This beautiful building and memorial museum are not to be missed.  The Observation Deck was just opened and not only provides the best view in the world of New York and New Jersey but also has self-guided tours with iPads as well as real people to tell you about the buildings you are seeing.  Absolutely worth the price of admission and standing in line; although you can buy tickets on line for a specific time and skip the long waits.

While there, you will want to allow half a day to tour the 911 Museum.  Be sure to bring some tissues as you can’t go through this amazing tribute to all the victims of 911 without shedding a tear or two.  It is emotional but worthy of your time.

St. Patrick’s Cathedral

Located in the middle of one of the most famous shopping strips in the world, this church’s great Gothic spires tower above Fifth Avenue.  Mass is held every day of the week but you can come in between the masses to explore the church’s great rose stained glass window and an alter designed by Tiffany & Co.  14 E. 51st Street at Fifth Avenue.  www.ny-archdiocese.org

Chrysler Building

New York City’s architectural darling.  The beautiful interior houses another Art Deco masterpiece – Edward Turnbull’s elaborate 100×72 foot ceiling mural celebrating modernity.  The piece depicts workers during the building’s construction.  This mural was recently restored during the building’s renovation.  Be sure to check this out as it’s a big part of New York City history. 405 Lexington Avenue at 42nd St.

Grand Central Station

This magnificent train station has stood in the heart of Manhattan for nearly a century.  Constructed over a decade between 1903 and 1913, the terminal came to embody the dashing, cosmopolitan lifestyle of the city as much as the Empire State and Chrysler Buildings.  This building has not only housed a train station but has been host to various exhibitions, bars, restaurants, and stores.  The building itself is full of secrets and stories that are part of New York legend  (Franklin Delano Roosevelt’s secret passage from the station to the Waldorf-Astoria is just one). Declared a National Historic Landmark in 1978 and beautifully restored to its original glory in 1998, the terminal is a part of New York City that deserves a visit.  42nd Street between Lexington Avenue and Park Avenue. http://grandcentralterminal.com/

Intrepid

Commissioned for action during World War II, this aircraft carrier also served during the Vietnam and Cold Wars and later was used by NASA as a recovery vehicle.  This museum has great interactive exhibits and the hangar and flight decks have a wonderful collection of vintage and modern aircraft from actual fighter planes to a retired British Airways Concorde jet.  Be sure to swing by the Space Pavilion where you can see the Enterprise, a real-life Space Shuttle!  You can also duck down into a submarine to see what life on board this underwater vessel was like.  Pier 86 by 46th Street and the Hudson River.  877-957-SHIP orwww.intrepidmuseum.org.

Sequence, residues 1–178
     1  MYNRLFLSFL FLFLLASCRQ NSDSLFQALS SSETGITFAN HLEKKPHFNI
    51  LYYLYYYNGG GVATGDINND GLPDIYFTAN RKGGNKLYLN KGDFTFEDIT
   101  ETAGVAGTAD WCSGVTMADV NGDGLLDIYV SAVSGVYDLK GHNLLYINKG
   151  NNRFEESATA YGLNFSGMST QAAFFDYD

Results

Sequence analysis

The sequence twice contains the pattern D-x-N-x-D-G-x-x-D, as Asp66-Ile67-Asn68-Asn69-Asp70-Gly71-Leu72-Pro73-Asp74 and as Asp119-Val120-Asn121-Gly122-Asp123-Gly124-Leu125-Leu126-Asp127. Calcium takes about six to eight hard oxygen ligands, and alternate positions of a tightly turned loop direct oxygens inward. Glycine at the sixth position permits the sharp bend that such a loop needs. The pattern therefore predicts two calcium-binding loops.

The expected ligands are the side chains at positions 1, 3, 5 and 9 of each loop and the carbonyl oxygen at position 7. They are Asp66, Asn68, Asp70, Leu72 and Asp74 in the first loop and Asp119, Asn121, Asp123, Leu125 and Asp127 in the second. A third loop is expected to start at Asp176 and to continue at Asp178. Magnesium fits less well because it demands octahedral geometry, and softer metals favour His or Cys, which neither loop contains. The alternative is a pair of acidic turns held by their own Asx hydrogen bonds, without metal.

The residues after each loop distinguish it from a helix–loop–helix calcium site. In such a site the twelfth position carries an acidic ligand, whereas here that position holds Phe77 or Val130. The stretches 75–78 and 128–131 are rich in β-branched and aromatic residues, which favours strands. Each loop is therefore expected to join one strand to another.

Bryant Park

This midtown oasis has many tables to sit and watch the crowd go by; wireless internet and a wonderful restaurant and outdoor bar. Best of all, it’s located steps away from New York Fertility Services.  The Park hosts many different concert and music series each summer, including Broadway in Bryant Park and Piano in the Park .  40th to 42nd Street between Fifth and Sixth Avenues, 212-768-4242 orwww.bryantpark.org.

New York City is a mecca of different neighborhoods featuring cultural stores, restaurants and a variety of shopping.  Be sure to explore the Meatpacking District, Soho, Little Italy, Chinatown, Greenwich Village, Harlem, the Financial District, Grammercy District and other interesting  areas  to better understand the melting pot of nationalities that make up our beautiful island.

One of my favorite things to do is take my out of town friends on the Staten Island Ferry so they can see the Statue of Liberty up close, as well as stunning views of lower Manhattan.  The State Island Ferry is free and runs 24/7/365! Don’t miss it!

Ellis Island and The Statue of Liberty

Almost half of all Americans can trace their roots through the doors of Ellis Island.  It was designed as the immigration station at the end of the nineteenth century that nearly 2 million people passed through on their way to becoming Americans between it opening in 1892 and it’s closing in 1954. The Ellis Island Museum is in a beautiful Beaux Arts style building and you can see exhibits, artifacts, documents and oral histories about Ellis Island.  Free Admission.  Ellis Island is accessible by the same ferries that serve the Statue of Liberty so it’s a great thing to make a day out of it and tour both historic landmarks.  Admission to the Stastue of Liberty is also free.  1-866-STATUE4 orwww.statuereservations.com.  For Ellis Island, 212-363-3206 orwww.ellisisland.com.